RIYADH – Saudi Arabia‘s foreign minister has issued a blistering assessment of the situation in Iraq, warning that the country is “gradually going toward disintegration.” Meeting with the international media on Sept. 22 – but directing urgent comments to the U.S. and British administrations – Prince Saud al-Faisal said, “There seems to be no dynamic now that is pulling the country together. All the dynamics there are pushing the people away from each other."
According to the UK Guardian, he doesn’t believe an election planned for December is likely to make a difference, and pointed out that his government had warned U.S. officials before the war of the consequences of invasion. "It is frustrating to see something that is clearly going to happen, and you are not listened to by a friend, and soon harm comes out of it. It hurts," he said.
Among Iraq‘s neighbors, including Iran, Jordan, Kuwait, Syria and Turkey, he said the main worry is that a break-up of Iraq "will draw the countries of the region into conflict." Turkey is worried about an independent Kurdish state, while Saudi Arabia, which is primarily made up of Sunni Muslims, is concerned about growing Iranian and Shiite influence in southern Iraq.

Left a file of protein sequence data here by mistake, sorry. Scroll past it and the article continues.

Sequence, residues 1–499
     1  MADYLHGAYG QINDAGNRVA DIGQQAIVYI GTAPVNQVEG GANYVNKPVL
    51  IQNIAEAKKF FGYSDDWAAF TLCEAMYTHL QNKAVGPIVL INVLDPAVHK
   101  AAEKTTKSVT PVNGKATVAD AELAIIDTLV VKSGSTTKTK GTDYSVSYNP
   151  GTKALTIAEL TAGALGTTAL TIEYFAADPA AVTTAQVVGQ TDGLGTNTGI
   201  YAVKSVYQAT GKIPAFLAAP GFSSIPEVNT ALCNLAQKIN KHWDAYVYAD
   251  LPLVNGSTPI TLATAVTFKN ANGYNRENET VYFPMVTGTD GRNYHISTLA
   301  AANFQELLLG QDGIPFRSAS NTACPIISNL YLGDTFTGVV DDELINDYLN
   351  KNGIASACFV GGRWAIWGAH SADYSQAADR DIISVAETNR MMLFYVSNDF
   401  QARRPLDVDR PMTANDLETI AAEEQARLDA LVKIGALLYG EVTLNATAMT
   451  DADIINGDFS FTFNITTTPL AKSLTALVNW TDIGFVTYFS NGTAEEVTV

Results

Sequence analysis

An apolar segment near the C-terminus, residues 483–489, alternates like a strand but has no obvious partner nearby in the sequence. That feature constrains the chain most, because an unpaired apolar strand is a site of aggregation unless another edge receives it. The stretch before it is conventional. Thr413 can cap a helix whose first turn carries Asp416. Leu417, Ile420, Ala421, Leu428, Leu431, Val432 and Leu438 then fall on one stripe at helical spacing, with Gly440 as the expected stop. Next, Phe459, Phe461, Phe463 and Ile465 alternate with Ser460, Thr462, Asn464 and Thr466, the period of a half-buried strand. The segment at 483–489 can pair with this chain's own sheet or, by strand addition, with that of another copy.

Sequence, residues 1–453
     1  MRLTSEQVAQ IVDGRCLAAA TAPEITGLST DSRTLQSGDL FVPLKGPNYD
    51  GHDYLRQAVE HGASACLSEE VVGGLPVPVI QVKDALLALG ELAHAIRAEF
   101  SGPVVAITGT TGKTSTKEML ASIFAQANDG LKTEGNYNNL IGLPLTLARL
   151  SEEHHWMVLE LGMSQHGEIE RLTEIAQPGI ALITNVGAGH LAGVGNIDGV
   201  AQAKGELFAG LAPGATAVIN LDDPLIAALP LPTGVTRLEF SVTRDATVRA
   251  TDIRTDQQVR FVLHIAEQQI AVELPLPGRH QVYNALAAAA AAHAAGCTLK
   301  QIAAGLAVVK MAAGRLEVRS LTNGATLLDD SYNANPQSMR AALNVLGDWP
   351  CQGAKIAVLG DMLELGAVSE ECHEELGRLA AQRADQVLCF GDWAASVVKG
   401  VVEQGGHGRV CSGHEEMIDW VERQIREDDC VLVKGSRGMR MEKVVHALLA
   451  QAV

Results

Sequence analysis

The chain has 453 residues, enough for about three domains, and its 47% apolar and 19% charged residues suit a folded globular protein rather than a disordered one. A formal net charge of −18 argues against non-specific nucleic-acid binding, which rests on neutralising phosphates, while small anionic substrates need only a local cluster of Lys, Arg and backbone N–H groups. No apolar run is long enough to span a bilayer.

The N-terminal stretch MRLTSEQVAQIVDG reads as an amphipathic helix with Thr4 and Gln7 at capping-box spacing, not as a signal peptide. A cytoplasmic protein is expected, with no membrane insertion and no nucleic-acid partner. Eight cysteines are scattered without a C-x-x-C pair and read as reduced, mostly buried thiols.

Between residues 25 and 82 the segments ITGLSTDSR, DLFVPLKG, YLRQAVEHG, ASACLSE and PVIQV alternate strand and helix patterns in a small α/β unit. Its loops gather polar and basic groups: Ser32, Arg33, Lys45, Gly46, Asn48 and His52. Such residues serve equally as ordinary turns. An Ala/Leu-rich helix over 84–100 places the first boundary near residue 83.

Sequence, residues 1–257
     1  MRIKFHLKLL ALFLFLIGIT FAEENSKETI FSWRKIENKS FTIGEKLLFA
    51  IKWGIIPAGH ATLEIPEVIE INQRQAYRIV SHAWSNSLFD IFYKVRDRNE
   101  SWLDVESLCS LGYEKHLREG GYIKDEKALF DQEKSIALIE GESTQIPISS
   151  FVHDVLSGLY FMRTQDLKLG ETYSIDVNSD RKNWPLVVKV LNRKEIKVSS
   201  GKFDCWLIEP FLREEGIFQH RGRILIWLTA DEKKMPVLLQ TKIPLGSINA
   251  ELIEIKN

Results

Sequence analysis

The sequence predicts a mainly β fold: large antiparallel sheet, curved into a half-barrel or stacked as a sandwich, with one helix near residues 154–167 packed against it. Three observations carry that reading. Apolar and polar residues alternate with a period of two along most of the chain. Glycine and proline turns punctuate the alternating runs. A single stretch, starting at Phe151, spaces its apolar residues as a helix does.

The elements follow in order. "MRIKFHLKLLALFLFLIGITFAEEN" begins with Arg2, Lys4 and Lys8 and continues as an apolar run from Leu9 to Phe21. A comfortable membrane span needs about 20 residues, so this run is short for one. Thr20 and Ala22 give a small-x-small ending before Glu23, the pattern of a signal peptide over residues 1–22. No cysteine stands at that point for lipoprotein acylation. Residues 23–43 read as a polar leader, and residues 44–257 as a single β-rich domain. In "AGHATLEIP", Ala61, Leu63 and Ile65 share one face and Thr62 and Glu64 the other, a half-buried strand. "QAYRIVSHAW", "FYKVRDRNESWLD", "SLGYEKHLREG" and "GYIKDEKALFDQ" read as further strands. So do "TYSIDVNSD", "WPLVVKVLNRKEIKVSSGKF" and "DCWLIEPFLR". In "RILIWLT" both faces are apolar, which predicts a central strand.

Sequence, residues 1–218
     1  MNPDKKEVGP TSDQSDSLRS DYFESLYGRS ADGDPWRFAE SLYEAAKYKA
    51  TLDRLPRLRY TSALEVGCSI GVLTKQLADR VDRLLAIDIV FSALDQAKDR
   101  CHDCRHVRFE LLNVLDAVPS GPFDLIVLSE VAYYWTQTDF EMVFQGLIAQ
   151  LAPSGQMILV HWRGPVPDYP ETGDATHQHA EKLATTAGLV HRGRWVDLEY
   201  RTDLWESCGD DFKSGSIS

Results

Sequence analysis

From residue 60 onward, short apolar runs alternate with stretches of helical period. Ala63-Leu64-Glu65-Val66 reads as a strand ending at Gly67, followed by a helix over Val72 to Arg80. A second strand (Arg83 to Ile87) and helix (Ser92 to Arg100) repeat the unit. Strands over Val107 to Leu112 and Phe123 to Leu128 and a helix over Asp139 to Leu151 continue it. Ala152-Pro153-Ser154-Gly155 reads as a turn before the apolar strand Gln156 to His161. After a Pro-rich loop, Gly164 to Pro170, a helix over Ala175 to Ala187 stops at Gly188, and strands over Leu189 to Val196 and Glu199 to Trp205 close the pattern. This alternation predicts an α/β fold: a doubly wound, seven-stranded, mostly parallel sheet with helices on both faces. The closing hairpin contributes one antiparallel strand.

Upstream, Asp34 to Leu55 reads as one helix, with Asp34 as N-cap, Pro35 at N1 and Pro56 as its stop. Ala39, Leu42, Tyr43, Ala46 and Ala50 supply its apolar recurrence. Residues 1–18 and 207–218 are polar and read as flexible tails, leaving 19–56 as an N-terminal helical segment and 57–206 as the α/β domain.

A referendum on Iraq‘s new constitution is planned for Oct. 15, followed by a general election in December, an event U.S. and British officials hope will be a watershed. "Perhaps what they are saying is going to happen," Prince Saud said. "I wish it would happen, but I don’t think that a constitution by itself will resolve the issues."
Saudi Arabia has been reluctant to send diplomatic representatives to Iraq following the kidnapping and murder of Egyptian Ambassador Ihab al-Sharif, Ali Belaroussi, head of the Algerian mission, and his colleague Izzedine Belkadi. Prince Saud said a Saudi ambassador in Baghdad would become an immediate target for assassination. "I doubt that he’d last a day," he said.